“Security services had certain agreements,” he told Interfax news agency of the 2010 exchange. “To persecute somebody who is already pardoned is absurd.”


Focus shifts to rescues as rain abates in India’s flood-hit Kerala

Updated 3 min 26 sec ago
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Focus shifts to rescues as rain abates in India’s flood-hit Kerala

KOCHI, India: Torrential rain finally let up in India’s flood-hit Kerala state on Sunday, giving some respite for thousands of marooned families, but authorities feared an outbreak of disease among around 725,000 people crammed into relief camps.
Incessant downpours since Aug. 8 have caused the worst floods in a century in the southwestern state, and close to 200 people have perished in the rising waters and landslides.
The India Meteorological Department forecast heavy rainfall in only one or two parts of Kerala on Sunday and withdrew a red alert in several districts.
Using boats and helicopters, India’s military led rescue efforts to reach people in communities cut off for days, with many trapped on roofs and upper floors, in desperate need of food and clean water.
A Reuters photographer on a naval helicopter said water levels had receded in villages around the city of Kochi.
Rescue teams were focused on the town of Chengannur on the banks of the Pamba River, where about 5,000 people are feared to be trapped, officials said.
Kerala’s chief minister, Pinarayi Vijayan, said the total number of people taking refuge at the 5,645 relief camps had risen to 725,000.
Thirteen deaths were reported on Sunday, he added, taking the total number confirmed to nearly 200.
Anil Vasudevan, who handles disaster management at Kerala’s health department, said authorities had isolated three people with chickenpox in one of the relief camps in Aluva town, nearly 250 km (155 miles) from state capital Thiruvananthapuram.
He said the department was preparing to deal with a possible outbreak of water-borne and air-borne diseases in the camps.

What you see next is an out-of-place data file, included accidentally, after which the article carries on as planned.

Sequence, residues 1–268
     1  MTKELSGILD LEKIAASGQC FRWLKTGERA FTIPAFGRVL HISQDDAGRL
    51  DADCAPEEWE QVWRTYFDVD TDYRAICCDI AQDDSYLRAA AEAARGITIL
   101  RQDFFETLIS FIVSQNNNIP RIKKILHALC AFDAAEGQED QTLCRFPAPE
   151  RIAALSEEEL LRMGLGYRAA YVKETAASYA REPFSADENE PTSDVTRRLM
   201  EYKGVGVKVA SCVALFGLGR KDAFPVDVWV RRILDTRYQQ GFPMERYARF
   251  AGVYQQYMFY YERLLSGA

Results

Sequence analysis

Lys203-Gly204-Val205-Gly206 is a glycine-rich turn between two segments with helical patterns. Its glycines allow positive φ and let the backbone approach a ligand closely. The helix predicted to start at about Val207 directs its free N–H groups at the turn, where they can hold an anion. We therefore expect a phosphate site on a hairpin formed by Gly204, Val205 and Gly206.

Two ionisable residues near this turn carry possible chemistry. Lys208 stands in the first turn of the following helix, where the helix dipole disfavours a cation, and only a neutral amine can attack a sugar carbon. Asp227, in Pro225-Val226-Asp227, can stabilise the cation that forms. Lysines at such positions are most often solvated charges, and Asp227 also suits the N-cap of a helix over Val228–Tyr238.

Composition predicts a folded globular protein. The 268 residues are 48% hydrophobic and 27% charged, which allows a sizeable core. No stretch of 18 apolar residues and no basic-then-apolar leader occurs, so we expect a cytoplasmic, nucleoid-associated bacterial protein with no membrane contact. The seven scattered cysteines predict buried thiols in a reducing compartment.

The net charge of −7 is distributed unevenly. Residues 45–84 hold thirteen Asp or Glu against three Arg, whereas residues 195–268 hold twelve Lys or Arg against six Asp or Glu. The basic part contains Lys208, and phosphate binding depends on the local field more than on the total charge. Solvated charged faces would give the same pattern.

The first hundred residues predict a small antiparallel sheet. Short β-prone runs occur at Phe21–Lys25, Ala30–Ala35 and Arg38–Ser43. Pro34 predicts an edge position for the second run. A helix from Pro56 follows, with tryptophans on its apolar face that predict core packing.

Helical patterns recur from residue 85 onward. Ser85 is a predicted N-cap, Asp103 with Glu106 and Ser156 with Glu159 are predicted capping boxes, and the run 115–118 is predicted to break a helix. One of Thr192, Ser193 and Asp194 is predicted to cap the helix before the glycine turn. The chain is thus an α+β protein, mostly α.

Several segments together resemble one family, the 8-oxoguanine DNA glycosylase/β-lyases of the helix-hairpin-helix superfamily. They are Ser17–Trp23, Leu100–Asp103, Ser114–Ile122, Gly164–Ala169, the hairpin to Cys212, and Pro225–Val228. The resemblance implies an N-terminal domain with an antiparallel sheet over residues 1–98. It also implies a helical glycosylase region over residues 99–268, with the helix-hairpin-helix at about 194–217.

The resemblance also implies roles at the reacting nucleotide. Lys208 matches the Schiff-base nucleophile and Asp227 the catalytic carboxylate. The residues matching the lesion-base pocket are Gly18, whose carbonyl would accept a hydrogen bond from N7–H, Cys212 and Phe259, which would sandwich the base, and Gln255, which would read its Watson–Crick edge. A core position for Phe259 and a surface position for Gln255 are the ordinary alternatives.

DESTROYED
Kerala, which usually receives high rainfall, has seen more than 250 percent more rain than normal between Aug. 8 and Aug. 15. State authorities have had to release water from 35 dangerously full dams, sending a surge into the main river.
As the rain abated on Sunday morning, 60-year-old T P Johnny visited his home in Cheranelloor — a suburb of Kochi situated on the banks of the Periyar river — to see when he and his family could return.
“The entire house is covered with mud. It will take days to clean to make it liveable. All our household articles, including the TV and fridge have been destroyed,” he told Reuters.
The beaches and backwaters of Kerala are top destinations for domestic and international tourists, but far fewer visit during the monsoon season.
Kochi’s airport is closed due to waterlogging, and Jet Airways has arranged additional flights from Thiruvananthapuram for passengers holding confirmed tickets from Kochi.
India’s national carrier, Air India, will operate ATR flights from the naval airport in Kochi to Bangalore and Coimbatore, starting Monday.
Late on Saturday, the chief minister had said that there was no shortage of food in the state as traders had stocked up before a local festival.
“The only problem is transporting it,” he told reporters. “The central government and public have cooperated well in this effort to fight this disaster.”
Sheikh Mohammed bin Rashid Al Maktoum of the United Arab Emirates, where many Keralites work, has also offered assistance to the state. Qatar’s Prime Minister Sheikh Abdullah bin Nasser bin Khalifa Al Thani has also announced $5 million aid.
($1 = 70.09 Indian rupees)